On Friday, the White House and its allies in Congress pushed through the Orwellian named Inflation Reduction Act of 2022. Rather than a win for the American people, the legislation reads more like a laundry list of deception and soon-to-be broken promises.
Words have meaning. They create ideas in your head. But they don’t always square with reality. Yes, applying government price controls on prescription drugs for seniors will lower medicine costs for some. But left unmentioned is the consequence of raising prices for others. Costs of research and manufacturing will shift from Medicare to private insurance plans as pharmaceutical companies recoup hijacked revenue.
President Biden has promised ad nauseam not to raise taxes on Americans making under $400,000 a year. But the Joint Committee on Taxation estimates the bill will levy an additional $17 billion financial burden on those earning below $200,000. And puzzlingly, it does nil to slow rising prices as the bold name suggests.
Congress and Mr. Biden are hardly the first cohorts of politicians to spin reality to curry popularity. Past residents of 1600 Pennsylvania Ave. are repeat offenders.
Americans did have something to fear in addition to fear itself as the Great Depression drove a majority of Americans into poverty. Former President Richard Nixon did not have a secret plan to end the Vietnam War. And former President Jimmy Carter, while facing a recession, insisted on avoiding the term — leaving presidential economic adviser Alfred Kahn to jokingly replace the dreaded R-word with “banana” when publicly discussing economic conditions.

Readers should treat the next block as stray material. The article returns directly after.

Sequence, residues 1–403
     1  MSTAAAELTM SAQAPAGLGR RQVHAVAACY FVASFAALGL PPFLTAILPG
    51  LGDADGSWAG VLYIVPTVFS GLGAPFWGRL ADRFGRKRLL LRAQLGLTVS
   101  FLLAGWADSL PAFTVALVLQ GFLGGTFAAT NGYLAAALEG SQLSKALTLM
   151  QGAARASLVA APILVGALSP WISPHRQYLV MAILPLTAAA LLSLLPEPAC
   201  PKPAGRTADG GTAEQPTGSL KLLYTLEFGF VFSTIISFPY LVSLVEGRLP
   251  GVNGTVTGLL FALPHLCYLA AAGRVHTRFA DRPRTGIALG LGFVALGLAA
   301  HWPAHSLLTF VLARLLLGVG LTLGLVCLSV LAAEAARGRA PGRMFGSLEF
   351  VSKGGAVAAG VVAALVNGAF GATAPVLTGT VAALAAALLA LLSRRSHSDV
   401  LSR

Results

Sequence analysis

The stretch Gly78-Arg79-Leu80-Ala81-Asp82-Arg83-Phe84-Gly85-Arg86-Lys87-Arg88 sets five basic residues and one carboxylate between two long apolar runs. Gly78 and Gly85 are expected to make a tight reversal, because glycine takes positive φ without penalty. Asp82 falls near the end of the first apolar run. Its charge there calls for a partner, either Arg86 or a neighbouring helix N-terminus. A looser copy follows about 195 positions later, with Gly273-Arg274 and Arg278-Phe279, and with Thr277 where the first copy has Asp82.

Former President George H.W. Bush did raise taxes despite what his lips suggested. And former President Bill Clinton did have “sexual relations” with that woman. Former President Barack Obama’s statement during the Obamacare debate that “if you like your health care plan, you can keep it,” was dubbed Politifact’s “Lie of the Year.”
However, during its short time in office, the Biden administration has set a new speed record for twisting the truth.
As millions of illegal immigrants from around the world are crossing the Rio Grande, Biden administration officials continue to claim the border is “closed.” Despite the chaotic withdrawal from Afghanistan where billions in military hardware and thousands of Afghan allies were left behind, and more than a dozen American soldiers were killed, the White House labeled the operation a “success.”
After gas prices rose to an all-time high earlier this year, Mr. Biden blamed the “Putin price hike” rather than his own anti-domestic energy production policies. Over the course of several months, inflation went from not being real to being “transitory” to being so bad that it became the namesake of major legislation. This dynamic messaging left a CNN reporter acknowledging, “the White House has been so wrong, so often, on inflation.”
And the icing on the proverbial cake is the Biden administration’s recent denial of the term “recession.” After the U.S. economy shrank for two consecutive quarters, which is a common, shorthand test used by economists and journalists to detect a recession, the White House went on the offensive to message it out of existence with cherry-picked data.
To live up to the day-one promise of “bring[ing] transparency and truth back to government,” the Biden administration needs to reset its communications strategy or walk back its commitment to telling it like it is. While not the first White House to play fast and loose with the facts, this racket has quickly become the default operating procedure.
• Richard Berman is president of Berman and Co. in Washington.